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Shemekia Copeland
@ The Cedar Cultural Centre, Nov. 20, 1998
By Ray Stiles

Shemekia Copeland
Photo © 1998 by Steve Felling.
All rights reserved
There has been a lot of positive press on Shemekia Copeland this past year since the release of her debut CD "Turn The Heat Up" (Alligator Records 4857). And justifiably so, she is one impressive singer and performer! Her Twin Cities debut at the Cedar was a gutsy performance sparked by her blues belting vocals and visually appealing performance. Introduced by her guitar player as "the princess of the blues, the daughter of the blues, the future of the blues," they were playing on the fact that she displays some similarities to Koko Taylor (The Queen of the Blues), her father was the late bluesman Johnny "Clyde" Copeland, and she IS only 19 years old.

Shemekia (pronounced sha-MEE-ka) was born on April 10, 1979 and grew up in Harlem (New York City). She is a powerful urban blues singer who can really belt out the blues with the best of the female blues singers out there today. She sings with a confidence and poise that belies her young age, and it probably won't be long before she is mentioned in the same breath as Koko Taylor or Katie Webster or some of the other female blues singers of that caliber. She has a powerful, full-toned voice that she uses to good advantage, expressing the emotion that a good blues performance requires. She also has the facial expressions and body language that complements her singing and helps express the words she is singing in a very entertaining manner. With "one look" the audience "knows exactly" what she means.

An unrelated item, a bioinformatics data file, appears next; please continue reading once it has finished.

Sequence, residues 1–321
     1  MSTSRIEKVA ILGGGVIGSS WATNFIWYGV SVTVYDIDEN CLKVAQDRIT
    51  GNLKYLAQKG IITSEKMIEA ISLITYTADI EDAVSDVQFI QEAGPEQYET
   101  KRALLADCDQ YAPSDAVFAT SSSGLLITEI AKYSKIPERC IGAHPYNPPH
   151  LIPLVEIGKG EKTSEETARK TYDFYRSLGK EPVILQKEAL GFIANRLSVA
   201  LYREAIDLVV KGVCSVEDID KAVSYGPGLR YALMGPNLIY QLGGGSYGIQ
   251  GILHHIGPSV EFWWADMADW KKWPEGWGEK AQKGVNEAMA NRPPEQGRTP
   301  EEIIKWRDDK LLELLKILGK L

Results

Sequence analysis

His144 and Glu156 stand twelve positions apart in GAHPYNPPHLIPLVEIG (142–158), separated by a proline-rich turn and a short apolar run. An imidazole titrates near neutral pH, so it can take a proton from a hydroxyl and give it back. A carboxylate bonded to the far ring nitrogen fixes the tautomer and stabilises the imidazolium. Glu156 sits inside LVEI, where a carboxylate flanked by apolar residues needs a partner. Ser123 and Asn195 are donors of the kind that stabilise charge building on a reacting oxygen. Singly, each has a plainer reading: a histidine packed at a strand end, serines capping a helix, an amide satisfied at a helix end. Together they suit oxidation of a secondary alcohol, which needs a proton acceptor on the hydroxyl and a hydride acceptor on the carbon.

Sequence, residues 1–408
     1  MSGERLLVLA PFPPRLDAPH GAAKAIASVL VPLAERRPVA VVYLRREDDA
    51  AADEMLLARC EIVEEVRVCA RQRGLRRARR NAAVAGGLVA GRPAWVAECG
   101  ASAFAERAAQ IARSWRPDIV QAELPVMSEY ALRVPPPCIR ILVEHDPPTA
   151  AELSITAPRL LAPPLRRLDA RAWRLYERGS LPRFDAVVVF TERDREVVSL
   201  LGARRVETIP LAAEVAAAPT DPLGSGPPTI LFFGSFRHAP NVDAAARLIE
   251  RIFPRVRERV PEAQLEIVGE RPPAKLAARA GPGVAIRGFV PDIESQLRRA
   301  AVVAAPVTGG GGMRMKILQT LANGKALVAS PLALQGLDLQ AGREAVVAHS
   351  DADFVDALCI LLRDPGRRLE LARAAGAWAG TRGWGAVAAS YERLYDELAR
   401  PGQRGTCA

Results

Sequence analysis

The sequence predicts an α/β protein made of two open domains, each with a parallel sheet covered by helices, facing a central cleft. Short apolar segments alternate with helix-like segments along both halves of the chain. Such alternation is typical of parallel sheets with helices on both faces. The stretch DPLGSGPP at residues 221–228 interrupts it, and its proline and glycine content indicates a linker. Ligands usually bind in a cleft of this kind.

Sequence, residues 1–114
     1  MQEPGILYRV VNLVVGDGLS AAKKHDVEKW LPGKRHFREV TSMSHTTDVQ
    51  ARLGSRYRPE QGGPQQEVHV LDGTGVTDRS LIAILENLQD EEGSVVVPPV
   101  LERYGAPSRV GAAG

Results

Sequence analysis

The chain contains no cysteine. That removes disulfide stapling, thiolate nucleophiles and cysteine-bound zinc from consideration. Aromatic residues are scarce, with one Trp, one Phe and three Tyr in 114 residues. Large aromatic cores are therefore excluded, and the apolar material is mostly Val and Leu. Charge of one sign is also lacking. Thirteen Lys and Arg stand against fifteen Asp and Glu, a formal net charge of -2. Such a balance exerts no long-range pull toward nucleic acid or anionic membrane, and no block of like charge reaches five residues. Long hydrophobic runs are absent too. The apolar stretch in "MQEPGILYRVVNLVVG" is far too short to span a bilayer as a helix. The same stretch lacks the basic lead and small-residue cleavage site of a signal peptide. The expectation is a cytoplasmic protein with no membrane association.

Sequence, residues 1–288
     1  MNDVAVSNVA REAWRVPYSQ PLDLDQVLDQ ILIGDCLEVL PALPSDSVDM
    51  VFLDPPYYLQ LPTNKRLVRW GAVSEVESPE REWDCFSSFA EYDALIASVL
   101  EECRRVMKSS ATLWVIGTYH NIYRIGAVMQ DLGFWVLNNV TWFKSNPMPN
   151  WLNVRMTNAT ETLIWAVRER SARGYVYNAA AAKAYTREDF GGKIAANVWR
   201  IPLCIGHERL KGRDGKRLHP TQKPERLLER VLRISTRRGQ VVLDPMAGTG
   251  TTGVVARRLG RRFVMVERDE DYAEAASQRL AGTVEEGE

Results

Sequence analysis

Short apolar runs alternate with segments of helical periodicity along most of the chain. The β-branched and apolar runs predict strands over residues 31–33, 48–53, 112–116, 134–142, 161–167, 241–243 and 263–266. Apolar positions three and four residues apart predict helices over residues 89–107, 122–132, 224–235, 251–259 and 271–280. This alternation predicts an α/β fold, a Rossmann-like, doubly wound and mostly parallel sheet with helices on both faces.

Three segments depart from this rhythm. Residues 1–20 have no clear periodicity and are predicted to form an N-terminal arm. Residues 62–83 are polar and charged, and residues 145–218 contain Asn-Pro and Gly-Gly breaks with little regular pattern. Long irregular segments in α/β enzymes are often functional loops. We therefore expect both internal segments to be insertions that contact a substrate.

Shemekia Copeland
Photo © 1998 by Steve Felling.
All rights reserved
She has been traveling with her band, also from New York, who offered some very tight, lively and entertaining support. Eric King on bass was hamming it up with Shemekia on the rambunctious "My Turn Baby." The boogie, woogie style keyboards of Dona Oxford and the flying V guitar playing of Arthur Nealson were amusing to watch. Barry Harrison was on drums and is the sole member of her father's band currently working with Shemekia. Copeland joked before the show that she has been on the road so much this past year that she has grown accustomed to living out of a suitcase - literally. Even when she is home for short periods between tours she said she doesn't even unpack.

During the show Copeland played most of the songs from her new CD -- songs like the slow and sultry "Salt In My Wounds," to the R&B standard "Have Mercy," to the moving "Ghetto Child," to the funky blues of "I Always Get My Man," to the rough & rowdy "Turn The Heat Up." Even though the Cedar is more of a staid theater type environment, far different from the noisy, smoky bar rooms she normally plays in, by the end of the show she had the audience up and dancing in the isles. She said she wants the crowd to know just how much fun she is having up there on stage and she wants them to be a part of that fun. Copeland delivered an excellent performance with solid material and a robust voice that is only going to get better with age. We need to get her back for a return engagement in the Twin Cities soon!

Read a review of her CD "Turn The Heat Up".

This review is copyright © 1998 by Ray Stiles, all rights reserved.

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